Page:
Broken boats random luck and a great sea story all came together in Beaufort, NC. As we came up on the town dock by dinghy three 70′ ocean racers were tied off. Their sleek appearance looked even sleeker without their masts towering overhead. All three had been demasted. Broken lifelines and gear still cluttered decks as we passed by. Our random encounters kicked in when we spotted Claire Sailing as we started walking out the dock. Our paths cross about once a year without preplanning. Warm welcomes from Dene and Anita were followed by, “Have you seen the boats? We’ve got one of their stories.” They had received a copy of the e-mail the bowman on Zephyrus IV (the ocean racer at the dock with the most damage) had sent to some friends a day earlier. A vivid description of their wild ride in the Key West to Baltimore race added dimension to the wreckage just across the dock. Two carbon fiber spinnaker poles broke in 50-knot winds. The boat was going over 20 knots when the mast snapped off at the deck jumped forward still vertical and then crashed through the deck taking out the head, but not piercing the hull. Luckily no one was hurt. We walked the dock together taking a closer look at what a storm can do to boats built too close to design limits.

A second unplanned reunion occurred in Oriental. We had just anchored when Caribbean Soul motored around the point. We had planned to spend the winter with them exploring Florida’s West Coast. Because of boat-switching, we’d missed them. Our unique appearance gave us away, and they raised us on the VHF. Ashore we enjoyed a warm reunion with Richard and Jory and brought them out to tour Odyssey. We’re looking forward to spending more time with them in Annapolis.

It was early when we broke up our raft with Blitzen on the Alligator River and headed for the Alligator River Bridge and Albermarle Sound. We were both eager to get across before forecasted high winds hit. A temperature and culture shock greeted us as we reached the canal on the other side of the Sound. As we came off the open water the temperature climbed from the comfortable 70’s to the hot 90’s. Then being a hot Sunday, everyone who owned a small boat was out on the water. Since all there is along the stretch from Coinjock to Great Bridge is fairly narrow canal, small boats pulled water skiers and tubers up and down the canal. We continually slowed so as not to run down boats retrieving people from the middle of the channel. We made a note not to run this passage on warm weekend days.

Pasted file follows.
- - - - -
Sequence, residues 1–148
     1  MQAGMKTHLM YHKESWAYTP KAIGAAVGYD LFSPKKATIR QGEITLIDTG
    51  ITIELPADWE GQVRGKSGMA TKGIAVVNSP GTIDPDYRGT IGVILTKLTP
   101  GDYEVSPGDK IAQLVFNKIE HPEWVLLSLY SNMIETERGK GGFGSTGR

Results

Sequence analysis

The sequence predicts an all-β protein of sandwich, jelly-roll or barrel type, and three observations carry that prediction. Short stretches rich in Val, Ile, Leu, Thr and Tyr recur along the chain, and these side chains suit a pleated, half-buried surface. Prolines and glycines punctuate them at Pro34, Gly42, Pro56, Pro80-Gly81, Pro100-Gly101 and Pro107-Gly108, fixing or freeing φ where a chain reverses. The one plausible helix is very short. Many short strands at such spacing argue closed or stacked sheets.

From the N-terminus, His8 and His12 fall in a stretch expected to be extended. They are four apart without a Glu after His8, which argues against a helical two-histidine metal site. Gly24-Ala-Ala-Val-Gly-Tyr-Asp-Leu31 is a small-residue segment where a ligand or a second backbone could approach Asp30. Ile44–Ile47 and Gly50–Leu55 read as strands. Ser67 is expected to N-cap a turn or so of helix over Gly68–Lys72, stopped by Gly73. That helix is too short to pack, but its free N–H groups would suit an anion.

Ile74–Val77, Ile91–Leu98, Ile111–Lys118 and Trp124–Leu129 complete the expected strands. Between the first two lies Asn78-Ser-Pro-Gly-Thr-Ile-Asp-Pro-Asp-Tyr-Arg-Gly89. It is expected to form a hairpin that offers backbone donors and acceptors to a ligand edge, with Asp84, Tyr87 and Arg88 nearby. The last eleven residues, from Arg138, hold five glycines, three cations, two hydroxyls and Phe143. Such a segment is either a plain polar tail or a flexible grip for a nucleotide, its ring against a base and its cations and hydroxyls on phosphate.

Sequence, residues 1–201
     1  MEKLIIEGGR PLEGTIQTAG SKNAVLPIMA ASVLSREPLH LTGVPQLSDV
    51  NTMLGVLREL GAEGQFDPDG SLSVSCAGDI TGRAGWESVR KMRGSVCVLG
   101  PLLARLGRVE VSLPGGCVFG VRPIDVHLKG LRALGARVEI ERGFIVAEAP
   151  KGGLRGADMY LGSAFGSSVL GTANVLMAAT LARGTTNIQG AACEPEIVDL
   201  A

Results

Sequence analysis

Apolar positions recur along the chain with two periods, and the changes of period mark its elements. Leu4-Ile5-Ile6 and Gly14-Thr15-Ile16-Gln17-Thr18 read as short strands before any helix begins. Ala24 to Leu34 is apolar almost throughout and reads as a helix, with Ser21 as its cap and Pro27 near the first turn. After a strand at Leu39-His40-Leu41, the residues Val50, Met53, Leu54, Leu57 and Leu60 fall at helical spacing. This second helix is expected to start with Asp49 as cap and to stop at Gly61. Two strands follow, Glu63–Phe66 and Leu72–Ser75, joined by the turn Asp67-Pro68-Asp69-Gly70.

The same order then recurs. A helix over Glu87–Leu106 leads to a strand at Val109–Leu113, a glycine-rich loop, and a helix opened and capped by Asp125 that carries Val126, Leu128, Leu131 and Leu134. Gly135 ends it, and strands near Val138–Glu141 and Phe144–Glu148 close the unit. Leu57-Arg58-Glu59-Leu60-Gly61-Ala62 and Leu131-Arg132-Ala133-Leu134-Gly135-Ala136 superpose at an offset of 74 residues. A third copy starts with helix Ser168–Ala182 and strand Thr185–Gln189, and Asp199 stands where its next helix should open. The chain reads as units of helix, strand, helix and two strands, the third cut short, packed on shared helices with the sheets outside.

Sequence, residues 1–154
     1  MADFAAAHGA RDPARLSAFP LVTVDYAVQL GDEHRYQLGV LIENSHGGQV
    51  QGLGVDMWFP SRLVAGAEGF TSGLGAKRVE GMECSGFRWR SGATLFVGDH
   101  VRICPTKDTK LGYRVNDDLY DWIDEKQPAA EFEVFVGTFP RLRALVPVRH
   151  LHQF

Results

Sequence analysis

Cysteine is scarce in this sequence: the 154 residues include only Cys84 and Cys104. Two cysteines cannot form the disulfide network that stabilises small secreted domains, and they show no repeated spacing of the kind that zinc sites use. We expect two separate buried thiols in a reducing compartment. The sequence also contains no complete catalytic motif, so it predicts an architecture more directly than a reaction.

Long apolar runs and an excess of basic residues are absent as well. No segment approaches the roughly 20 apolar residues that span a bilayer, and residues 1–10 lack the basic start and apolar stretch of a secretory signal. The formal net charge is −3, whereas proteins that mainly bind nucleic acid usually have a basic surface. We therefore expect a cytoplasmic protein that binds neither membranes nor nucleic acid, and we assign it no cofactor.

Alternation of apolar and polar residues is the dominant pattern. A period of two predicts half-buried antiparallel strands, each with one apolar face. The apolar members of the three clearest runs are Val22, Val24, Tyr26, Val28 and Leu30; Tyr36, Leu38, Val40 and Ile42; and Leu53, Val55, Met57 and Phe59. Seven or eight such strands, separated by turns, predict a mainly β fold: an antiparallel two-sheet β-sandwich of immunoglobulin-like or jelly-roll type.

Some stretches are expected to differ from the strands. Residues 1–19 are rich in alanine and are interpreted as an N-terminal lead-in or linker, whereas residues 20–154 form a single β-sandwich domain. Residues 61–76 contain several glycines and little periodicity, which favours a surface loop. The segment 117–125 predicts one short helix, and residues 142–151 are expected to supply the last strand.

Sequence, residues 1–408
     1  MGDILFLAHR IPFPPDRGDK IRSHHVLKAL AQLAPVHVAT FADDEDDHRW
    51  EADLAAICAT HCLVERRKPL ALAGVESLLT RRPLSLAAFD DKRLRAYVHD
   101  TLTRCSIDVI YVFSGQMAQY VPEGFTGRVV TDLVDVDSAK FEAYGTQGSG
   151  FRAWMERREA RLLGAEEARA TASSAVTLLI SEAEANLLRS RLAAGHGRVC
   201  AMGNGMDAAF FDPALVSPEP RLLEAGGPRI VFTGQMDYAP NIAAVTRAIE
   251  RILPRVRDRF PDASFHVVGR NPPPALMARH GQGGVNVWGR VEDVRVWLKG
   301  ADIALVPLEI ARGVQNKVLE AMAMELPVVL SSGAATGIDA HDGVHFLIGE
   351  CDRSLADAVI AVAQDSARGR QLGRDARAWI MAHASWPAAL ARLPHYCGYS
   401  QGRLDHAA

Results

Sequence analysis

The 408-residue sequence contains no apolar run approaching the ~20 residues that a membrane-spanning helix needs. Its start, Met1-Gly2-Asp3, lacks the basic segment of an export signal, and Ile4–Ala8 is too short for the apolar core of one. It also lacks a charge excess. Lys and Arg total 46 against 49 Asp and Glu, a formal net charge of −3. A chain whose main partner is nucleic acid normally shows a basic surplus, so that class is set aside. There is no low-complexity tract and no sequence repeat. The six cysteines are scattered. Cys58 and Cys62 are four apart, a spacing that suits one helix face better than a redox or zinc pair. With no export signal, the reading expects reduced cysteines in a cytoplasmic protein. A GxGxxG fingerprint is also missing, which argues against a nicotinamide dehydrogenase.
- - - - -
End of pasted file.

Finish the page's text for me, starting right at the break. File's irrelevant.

A goal was in site. We could push on to Hampton. There we’ll let forecasted 30-knot winds pass while we enjoy port for a few days. A cell phone call to the marina brought potential disappointment. A boat show was in progress and the dock master could not be sure there would be an open slip. We decided to risk it knowing we could anchor out if nothing was available. Late Sunday evening after 116 miles of congested traveling we reached Hampton. Slips had opened up and we could dock.

We hadn’t backed into a slip since St Petersburg. With no one to catch a line we had to be close for me to make the jump down to the low dock. Both of us were tired and it was hot. However we both recognized it was a good opportunity to learn a little more about handling Odyssey and improve our teamwork. The first two tries we aborted early; a slight current was carrying us away from the finger pier. Regrouping, it took three more tries before we got the alignment right and Ruth backed us gently along-side the dock making the jump easy for me. Lines secured, power connected and AC running to cool Odyssey’s interior, we headed up to see if the dock master was still around and look for ice cream.